Last week a staff member told me she was excited to see more young adults sitting together during services. Oh, good, I thought to myself. I don’t have to help build relationships between young adults and the rest of the congregation. We’re already doing enough!
That relief lasted until Thursday’s Young Adult Group when the conversation turned to the first of our new ends statements: to create a multicultural spiritual home built on authentic relationships.
If you were attending a service, especially as a white person, and you were sitting next to a person of color, how would you respond? A lot of “should” conversation followed. Should you go out of your way to be extra friendly? Should you bring up race as it related to the sermon or ask about how being a person of color has affected their experience at Unity? Should you only name race if you’ve spoken a few times before? Is that authentic? What is authentic? When you’re thinking so hard about this, how can you be sincere?
Our conversation kept moving towards figuring out a single, best way to respond. Perhaps we should name race because white people need to stop tiptoeing around the topic of race. Or maybe we shouldn’t bring race up just to bring it up because that could be othering, invasive, or inauthentic. Finally, someone blurted out what was going through my own head: “It sounds like I can only make a mistake!”
Indeed, what if white folks can only make mistakes while working towards dismantling white supremacy? If we accept that we will make mistakes, the question that then emerges is,
“how do we respond to making a mistake?” Perhaps what is important is not whether we make a mistake, but the act of sincerely trying to connect, being receptive to what transpires, and taking responsibility without getting defensive. Then to learn from the experience and try again.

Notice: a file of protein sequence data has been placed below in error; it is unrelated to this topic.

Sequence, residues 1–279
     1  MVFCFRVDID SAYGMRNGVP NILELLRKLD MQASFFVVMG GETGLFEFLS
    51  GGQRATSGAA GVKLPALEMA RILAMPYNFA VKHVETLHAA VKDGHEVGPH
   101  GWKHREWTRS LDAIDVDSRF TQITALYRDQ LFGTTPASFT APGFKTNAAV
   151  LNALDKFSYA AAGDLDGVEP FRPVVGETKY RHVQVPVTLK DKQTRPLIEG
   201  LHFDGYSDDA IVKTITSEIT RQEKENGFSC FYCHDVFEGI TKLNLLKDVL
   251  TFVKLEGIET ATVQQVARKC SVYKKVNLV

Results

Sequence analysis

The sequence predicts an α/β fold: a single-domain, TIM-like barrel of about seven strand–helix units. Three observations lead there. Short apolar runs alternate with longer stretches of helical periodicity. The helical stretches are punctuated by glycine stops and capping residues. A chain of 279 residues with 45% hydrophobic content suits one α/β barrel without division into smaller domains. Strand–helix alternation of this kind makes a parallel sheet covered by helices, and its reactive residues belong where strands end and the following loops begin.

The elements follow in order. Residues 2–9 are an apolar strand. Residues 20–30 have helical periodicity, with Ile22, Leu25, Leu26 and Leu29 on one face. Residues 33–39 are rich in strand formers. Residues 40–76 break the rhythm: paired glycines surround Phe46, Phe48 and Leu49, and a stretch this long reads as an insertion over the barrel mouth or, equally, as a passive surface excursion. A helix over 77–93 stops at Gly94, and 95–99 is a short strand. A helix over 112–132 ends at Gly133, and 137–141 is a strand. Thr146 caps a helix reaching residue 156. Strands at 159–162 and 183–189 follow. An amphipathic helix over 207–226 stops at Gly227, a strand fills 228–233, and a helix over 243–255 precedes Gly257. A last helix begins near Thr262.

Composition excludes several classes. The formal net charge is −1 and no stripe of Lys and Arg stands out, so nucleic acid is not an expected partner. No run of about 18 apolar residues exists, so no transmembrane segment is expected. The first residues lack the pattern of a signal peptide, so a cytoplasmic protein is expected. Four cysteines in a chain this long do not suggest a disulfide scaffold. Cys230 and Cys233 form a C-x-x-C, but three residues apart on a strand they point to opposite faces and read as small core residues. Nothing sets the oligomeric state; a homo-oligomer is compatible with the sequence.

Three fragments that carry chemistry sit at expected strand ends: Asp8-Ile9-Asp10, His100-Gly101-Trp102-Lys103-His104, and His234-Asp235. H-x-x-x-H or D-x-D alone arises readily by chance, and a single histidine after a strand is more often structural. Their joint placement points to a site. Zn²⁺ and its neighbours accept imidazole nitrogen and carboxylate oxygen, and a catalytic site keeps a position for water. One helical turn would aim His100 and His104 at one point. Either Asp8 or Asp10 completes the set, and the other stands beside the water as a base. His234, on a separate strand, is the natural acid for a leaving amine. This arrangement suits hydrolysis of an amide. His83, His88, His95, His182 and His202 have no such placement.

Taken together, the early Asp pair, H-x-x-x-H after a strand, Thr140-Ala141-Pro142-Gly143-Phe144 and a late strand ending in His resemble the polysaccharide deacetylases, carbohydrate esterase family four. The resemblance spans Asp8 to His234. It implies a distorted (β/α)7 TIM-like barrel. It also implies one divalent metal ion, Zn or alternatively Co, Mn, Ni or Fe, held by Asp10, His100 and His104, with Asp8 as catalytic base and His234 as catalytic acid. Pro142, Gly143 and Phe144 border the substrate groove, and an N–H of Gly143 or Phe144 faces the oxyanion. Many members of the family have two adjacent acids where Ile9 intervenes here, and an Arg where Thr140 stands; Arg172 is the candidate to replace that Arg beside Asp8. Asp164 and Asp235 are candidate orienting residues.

Still, I find myself asking, What should I do? I really don’t want to make a mistake. That’s partly because I don’t want to hurt someone, but more out of fear of exposing myself to be an ignorant white person. I grew up in a very white suburb, have never had a close friend who is a person of color, and am not a part of any groups that help white people dismantle their own biases. It feels safer to hide these things. I feel shame admitting this. So often I tell myself the easy, comfortable stories: that I’m helping build community within the group that is available to me, that I’m just waiting for a more opportune moment to connect, that I’m just watching and learning from others right now. It’s harder to admit the truth: that I’m choosing inaction and that part of me balks at fully stepping into the work of unlearning white supremacy, because this work requires me to be exposed and face the shame that surfaces. Yet, I don’t want to look back on my life and realize I was a roadblock to beloved community, that I valued falsely preserving my ego more than the safety and dignity of others, that I thought it more worthwhile to remain “comfortable” than to risk something for a deep and lasting connection.
Sitting in a back pew together does not mean the young adult group has entered into a rich, interdependent relationship with the congregation nor that it is pulling its weight toward leaning into the first ends statement. It is a sign that the group is a place where we find belonging, which is worth celebrating. But, in keeping to our insular group, we risk allowing our bonds to become barriers to welcoming and sincerely connecting with others. We risk allowing our fear of upsetting someone or exposing our ignorance to keep us from working to live out our values.
May we lean into our discomfort. May we be exposed. May that exposure bring us closer to the holy and all of us closer to the beloved community.
Author’s Note: A special thanks to Ray Hommeyer for helping me process and seeing this post through multiple revisions.